Cooper Union Speaker James Sprang Mic-Checked Commencement in Front of Mayor Bloomberg


Mayor Bloomberg’s commencement speech at the Cooper Union on Wednesday came amid an ongoing occupation of the president’s office, and just a day after students launched a guerrilla art show on the seventh floor in honor of their mission. The confrontation could have been nasty–after all, it was Bloomberg, villain of the Zuccotti Park eviction of 2011–but graduating students largely kept their efforts honed in on president Jamshed Bharucha, who faced a horizon of red protest squares pinned to black gowns, including some faculty’s.

Still, the event was not without some vocal protest.

Before Bloomberg could give a speech peppered with anecdotes about his own scholarship at Johns Hopkins (and a first job counting securities in his underwear in an un-air-conditioned cage on Wall Street), and before a group of students turned their backs to Dr. Bharucha as he spoke, student commencement speaker James A. Sprang took the stage to deliver a message about hope.

“Your doubts may bring thoughts of the thousands of the minority and undocumented persons that will no longer have the opportunity to enjoy the free education we have received,” Sprang said, referring to the school’s decision to charge tuition after more than a century of keeping the Cooper Union free.

He continued: “It is not a stretch by any imagination to say that we doubt because we hope. I’m not asking by any means to dismiss the aforementioned; rather, I’m asking us to accept our doubts for what they truly are.”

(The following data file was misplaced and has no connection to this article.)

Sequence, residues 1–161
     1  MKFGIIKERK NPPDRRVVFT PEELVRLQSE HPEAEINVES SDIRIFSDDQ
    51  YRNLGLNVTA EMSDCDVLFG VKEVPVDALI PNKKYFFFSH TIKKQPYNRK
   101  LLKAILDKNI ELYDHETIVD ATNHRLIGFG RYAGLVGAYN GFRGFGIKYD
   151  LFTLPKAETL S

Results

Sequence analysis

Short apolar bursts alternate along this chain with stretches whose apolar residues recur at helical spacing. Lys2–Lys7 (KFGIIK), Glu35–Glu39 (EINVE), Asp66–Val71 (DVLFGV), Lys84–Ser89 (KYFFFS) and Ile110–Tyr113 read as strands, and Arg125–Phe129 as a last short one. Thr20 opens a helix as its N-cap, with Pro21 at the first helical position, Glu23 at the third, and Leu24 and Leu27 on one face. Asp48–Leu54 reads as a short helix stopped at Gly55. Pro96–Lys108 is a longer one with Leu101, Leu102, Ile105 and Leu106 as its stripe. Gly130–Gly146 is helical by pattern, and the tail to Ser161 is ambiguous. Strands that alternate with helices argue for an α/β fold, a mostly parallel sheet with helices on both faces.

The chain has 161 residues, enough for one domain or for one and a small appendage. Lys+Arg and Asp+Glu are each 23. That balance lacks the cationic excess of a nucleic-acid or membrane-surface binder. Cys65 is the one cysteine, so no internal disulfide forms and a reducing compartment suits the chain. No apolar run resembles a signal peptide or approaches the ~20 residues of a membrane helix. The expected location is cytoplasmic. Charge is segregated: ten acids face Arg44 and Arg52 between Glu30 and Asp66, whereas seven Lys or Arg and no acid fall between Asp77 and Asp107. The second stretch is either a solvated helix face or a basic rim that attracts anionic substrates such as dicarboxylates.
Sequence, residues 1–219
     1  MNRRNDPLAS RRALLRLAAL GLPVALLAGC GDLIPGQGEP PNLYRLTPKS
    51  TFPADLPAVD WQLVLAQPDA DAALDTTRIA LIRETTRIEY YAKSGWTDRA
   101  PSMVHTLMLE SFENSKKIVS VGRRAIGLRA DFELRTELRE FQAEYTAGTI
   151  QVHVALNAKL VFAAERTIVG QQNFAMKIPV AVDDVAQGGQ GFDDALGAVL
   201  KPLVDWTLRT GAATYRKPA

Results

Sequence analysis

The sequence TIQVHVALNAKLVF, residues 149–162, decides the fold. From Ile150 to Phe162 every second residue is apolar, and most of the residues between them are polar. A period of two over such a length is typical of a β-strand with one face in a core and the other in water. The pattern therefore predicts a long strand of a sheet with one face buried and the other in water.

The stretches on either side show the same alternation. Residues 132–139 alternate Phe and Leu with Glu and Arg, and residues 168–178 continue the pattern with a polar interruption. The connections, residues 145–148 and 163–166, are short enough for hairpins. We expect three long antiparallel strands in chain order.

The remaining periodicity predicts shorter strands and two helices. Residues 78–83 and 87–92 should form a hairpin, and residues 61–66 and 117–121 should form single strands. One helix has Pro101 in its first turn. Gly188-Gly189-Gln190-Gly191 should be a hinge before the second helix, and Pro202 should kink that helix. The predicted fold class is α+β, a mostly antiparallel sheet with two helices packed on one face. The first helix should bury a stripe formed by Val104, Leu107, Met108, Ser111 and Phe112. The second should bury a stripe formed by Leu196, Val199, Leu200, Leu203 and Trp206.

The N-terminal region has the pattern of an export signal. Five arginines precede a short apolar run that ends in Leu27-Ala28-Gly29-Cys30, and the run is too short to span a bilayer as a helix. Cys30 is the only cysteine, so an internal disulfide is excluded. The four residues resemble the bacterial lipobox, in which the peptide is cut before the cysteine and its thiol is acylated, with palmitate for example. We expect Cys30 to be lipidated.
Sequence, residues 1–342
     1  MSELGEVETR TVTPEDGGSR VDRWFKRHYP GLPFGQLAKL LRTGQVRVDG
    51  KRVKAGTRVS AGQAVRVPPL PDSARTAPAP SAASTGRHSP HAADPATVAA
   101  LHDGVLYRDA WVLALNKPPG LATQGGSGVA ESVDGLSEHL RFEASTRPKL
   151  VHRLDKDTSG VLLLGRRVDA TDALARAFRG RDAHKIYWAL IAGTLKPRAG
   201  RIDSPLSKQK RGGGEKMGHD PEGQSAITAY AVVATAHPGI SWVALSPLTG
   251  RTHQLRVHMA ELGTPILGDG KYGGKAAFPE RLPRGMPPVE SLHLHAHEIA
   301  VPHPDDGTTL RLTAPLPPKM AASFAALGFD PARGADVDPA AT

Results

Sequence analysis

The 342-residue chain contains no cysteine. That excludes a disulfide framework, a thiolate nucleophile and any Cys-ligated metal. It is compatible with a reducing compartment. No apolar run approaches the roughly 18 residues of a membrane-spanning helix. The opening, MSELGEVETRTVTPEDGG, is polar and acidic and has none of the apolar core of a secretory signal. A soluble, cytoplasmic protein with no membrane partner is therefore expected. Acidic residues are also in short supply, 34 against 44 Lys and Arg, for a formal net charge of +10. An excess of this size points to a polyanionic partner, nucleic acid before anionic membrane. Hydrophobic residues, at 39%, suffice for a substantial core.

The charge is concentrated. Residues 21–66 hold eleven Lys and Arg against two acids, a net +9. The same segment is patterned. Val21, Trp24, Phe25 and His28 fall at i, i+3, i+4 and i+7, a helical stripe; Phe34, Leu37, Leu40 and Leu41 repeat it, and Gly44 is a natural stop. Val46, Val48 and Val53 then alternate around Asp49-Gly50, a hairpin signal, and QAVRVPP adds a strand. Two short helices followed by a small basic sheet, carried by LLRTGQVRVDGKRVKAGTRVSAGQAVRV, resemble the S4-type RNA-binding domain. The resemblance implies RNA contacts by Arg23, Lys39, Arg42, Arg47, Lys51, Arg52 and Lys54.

Sprang went on to describe the mission of the school as something unconfined by the structure of the institution itself–and toward the end of his speech asked that the graduating class stand. “Let us speak for those who cannot, for those who will not, and for those who have now lost the ability to do so. Mic check!”

Roughly 10 feet in front of the seated mayor, Sprang then led the Cooper Union class of 2013 with the crowd amplification tool popularized by Occupy Wall Street.

Contrary to the mayor’s later speech, which largely dealt with owing a debt to Peter Cooper and to the school (though Bloomberg professed he would not take sides in the tuition debate), here’s what the Cooper graduates repeated back to Bloomberg, to parents, faculty, and students in the Great Hall:

Hope–hope is everything. A fresh way to approach a dull or dangerous thing. To do a dull thing with hope will never be preferable to doing a dangerous thing with hope. To do a dangerous thing with hope is what I call art. Hope is a way of doing, a way of being done.

Sprang’s speech ended on the idea that Cooper Union students were responsible for creating hope unhindered. Bloomie’s concept of debt, even a social one, may be an easier idea to understand than a responsibility to create freely, but it also reflects a major gap–much larger than 10 feet–in how the mayor saw the school’s mission, and how the students graduating choose to seize it.